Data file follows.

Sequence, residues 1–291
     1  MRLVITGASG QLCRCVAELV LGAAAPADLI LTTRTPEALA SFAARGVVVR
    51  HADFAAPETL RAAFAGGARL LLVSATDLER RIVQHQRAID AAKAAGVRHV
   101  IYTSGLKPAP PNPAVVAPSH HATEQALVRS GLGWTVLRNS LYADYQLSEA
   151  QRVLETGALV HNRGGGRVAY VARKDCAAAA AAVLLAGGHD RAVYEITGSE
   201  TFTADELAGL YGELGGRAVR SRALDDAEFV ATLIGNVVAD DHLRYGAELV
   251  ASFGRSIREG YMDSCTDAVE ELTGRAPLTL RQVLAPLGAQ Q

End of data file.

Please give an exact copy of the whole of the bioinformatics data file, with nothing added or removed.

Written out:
Sequence, residues 1–291
     1  MRLVITGASG QLCRCVAELV LGAAAPADLI LTTRTPEALA SFAARGVVVR
    51  HADFAAPETL RAAFAGGARL LLVSATDLER RIVQHQRAID AAKAAGVRHV
   101  IYTSGLKPAP PNPAVVAPSH HATEQALVRS GLGWTVLRNS LYADYQLSEA
   151  QRVLETGALV HNRGGGRVAY VARKDCAAAA AAVLLAGGHD RAVYEITGSE
   201  TFTADELAGL YGELGGRAVR SRALDDAEFV ATLIGNVVAD DHLRYGAELV
   251  ASFGRSIREG YMDSCTDAVE ELTGRAPLTL RQVLAPLGAQ Q